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Resogun was just about the best thing on PS4 at launch, a wonderful little wraparound side-scrolling shoot-em-up, and on June 24, it’ll get an update that adds local cooperative play and lets you create your own ships. Everyone who owns Resogun gets that stuff, but if you want the separate Heroes expansion’s two new game modes — Survival (infinite play like Arcade, but humans now have parachutes and there’s a day/night cycle) and Demolition (described as “Arkanoid meets Resogun” by way of a wrecking ball) — it’ll run you $4.99.
June 24 / PS4
Valiant Hearts: The Great War
Another side-scrolling puzzle/adventure game from Ubisoft, Valiant Hearts: The Great War uses a bleak cartoonish aesthetic (“The Great War” meaning World War I) to tell an adventure story “inspired by actual letters from the time.” The story itself concerns three strangers united through war in their attempt to help a young German soldier find love “in a story about survival, sacrifice and friendship.” (In other words, bring tissues.)
June 25 / PC, PS4, Xbox One, PS3, Xbox 360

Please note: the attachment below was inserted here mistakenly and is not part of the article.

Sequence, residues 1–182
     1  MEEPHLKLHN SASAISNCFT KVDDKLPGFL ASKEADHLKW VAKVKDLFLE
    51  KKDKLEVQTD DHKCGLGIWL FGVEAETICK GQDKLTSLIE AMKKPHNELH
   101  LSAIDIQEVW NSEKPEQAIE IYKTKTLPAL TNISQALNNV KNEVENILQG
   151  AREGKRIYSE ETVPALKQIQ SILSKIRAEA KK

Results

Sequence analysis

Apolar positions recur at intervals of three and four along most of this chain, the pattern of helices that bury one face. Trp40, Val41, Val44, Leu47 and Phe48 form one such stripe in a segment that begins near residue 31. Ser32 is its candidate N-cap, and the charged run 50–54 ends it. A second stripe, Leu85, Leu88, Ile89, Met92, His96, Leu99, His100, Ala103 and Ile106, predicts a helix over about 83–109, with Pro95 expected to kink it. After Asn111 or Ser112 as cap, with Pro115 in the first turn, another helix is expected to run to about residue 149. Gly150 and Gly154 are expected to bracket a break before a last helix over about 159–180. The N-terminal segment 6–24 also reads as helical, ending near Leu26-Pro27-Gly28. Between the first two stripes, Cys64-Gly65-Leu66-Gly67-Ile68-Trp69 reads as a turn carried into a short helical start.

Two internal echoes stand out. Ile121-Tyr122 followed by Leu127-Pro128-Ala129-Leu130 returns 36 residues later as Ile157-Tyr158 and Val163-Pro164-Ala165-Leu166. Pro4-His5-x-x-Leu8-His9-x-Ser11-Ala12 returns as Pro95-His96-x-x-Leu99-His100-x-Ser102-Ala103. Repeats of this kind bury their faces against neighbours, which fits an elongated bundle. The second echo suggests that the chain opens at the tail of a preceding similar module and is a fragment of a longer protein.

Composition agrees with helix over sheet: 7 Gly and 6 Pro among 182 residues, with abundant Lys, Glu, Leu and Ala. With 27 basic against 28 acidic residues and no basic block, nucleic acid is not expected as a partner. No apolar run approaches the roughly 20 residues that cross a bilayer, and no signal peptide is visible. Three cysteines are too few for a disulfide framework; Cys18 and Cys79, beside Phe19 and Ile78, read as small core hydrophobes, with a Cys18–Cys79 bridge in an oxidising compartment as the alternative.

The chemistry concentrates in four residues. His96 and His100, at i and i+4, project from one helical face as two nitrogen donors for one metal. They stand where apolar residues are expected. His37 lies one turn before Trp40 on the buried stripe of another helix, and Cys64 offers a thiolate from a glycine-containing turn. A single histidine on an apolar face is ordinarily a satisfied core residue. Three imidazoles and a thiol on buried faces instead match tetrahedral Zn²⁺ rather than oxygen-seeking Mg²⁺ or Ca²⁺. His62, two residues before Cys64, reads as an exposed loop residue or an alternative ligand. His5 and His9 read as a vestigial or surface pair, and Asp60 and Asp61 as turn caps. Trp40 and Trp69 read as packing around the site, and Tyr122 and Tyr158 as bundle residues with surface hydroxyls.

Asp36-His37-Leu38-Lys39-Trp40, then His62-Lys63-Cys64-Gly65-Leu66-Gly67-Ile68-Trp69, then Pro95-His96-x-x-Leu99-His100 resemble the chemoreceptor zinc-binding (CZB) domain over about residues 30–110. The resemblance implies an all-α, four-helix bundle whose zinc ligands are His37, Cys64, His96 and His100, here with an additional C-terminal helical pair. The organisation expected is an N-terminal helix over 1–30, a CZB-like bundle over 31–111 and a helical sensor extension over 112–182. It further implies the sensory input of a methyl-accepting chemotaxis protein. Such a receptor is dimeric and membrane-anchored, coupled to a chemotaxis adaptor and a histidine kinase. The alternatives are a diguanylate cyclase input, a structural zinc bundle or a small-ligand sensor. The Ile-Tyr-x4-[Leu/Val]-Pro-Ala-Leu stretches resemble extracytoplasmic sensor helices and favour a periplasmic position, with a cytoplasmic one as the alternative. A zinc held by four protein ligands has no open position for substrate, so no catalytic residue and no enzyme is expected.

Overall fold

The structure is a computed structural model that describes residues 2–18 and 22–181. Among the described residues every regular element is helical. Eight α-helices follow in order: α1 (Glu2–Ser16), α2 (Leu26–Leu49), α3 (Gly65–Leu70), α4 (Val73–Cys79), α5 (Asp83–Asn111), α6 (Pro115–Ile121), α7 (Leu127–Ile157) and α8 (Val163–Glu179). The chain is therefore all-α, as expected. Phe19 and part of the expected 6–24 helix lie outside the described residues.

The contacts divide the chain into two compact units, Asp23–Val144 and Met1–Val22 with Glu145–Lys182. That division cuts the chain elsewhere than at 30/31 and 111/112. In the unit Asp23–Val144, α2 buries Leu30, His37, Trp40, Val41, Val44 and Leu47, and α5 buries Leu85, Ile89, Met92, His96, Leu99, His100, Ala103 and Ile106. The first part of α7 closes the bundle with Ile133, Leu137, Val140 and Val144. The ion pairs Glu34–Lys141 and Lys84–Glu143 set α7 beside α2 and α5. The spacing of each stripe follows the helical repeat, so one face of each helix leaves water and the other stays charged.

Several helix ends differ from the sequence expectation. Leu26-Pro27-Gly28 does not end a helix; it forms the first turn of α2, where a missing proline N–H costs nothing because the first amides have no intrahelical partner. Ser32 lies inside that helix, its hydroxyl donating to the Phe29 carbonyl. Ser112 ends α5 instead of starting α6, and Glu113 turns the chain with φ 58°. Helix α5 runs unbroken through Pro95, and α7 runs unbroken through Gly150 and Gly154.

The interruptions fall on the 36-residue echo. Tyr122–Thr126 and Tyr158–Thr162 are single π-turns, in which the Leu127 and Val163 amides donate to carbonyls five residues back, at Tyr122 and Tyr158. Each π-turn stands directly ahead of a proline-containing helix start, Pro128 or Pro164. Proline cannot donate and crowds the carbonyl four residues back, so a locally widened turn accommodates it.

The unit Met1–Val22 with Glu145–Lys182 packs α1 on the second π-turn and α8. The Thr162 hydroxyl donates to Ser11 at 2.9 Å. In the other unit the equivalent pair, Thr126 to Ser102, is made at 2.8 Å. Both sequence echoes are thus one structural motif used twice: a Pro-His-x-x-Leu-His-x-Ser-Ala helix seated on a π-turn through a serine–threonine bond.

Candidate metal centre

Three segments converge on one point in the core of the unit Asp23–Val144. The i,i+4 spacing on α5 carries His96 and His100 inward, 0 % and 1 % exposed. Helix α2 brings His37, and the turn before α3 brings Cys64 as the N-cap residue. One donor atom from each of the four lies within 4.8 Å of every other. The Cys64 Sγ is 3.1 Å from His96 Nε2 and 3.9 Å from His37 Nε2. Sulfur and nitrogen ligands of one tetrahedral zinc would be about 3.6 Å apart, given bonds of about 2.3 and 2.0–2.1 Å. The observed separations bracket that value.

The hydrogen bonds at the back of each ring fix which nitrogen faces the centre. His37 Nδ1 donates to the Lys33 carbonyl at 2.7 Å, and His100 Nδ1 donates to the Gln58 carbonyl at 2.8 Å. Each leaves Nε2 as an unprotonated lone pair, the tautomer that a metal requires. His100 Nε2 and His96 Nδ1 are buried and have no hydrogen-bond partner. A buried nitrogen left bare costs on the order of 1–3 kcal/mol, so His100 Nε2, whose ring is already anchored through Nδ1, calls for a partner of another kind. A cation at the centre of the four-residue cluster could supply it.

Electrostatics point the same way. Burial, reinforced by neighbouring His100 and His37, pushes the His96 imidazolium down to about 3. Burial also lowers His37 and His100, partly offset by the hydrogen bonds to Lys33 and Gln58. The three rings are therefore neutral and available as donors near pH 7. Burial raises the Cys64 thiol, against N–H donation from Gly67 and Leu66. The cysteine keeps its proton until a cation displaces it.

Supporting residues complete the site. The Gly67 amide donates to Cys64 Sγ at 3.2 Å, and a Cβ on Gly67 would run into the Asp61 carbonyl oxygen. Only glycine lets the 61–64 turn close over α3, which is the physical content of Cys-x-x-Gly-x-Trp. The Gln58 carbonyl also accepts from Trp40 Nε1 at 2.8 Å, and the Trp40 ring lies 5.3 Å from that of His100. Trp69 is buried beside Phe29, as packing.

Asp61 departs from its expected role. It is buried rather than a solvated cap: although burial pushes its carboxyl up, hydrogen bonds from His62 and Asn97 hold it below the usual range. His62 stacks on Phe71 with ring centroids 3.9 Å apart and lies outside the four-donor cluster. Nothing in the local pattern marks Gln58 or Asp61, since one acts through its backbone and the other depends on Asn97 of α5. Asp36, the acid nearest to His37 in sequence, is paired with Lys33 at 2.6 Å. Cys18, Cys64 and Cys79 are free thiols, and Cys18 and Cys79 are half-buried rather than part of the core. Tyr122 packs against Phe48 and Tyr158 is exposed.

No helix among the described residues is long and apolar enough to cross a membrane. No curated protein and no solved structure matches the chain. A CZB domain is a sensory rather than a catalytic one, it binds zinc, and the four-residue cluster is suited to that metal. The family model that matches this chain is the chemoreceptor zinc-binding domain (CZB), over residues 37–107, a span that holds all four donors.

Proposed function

A horn-helmed knight, a weaponized spade, bona fide chiptunes and visuals designed to make you feel like you nodded off and woke up in 1985 8-bit-land. Shovel Knight‘s Kickstarter was so successful it blew past its $75,000 funding goal to reach over $311,000. Fingers crossed all that extra cash helps this platformer pay out gameplay dividends when it arrives (after a few delays) in late June.
June 26 / 3DS, Wii U, PC, Mac, Linux
Divinity: Original Sin
Divinity: Original Sin, a prequel to 2002’s sleeper roleplaying gem Divine Divinity, is a Kickstarter-funded left turn of sorts for developer Larian. It’s a shift from Divinity II‘s third-person action-angled approach back to a high-in-the-sky camera overview, and includes — all series firsts here — cooperative play, turn-based combat and mod tool support.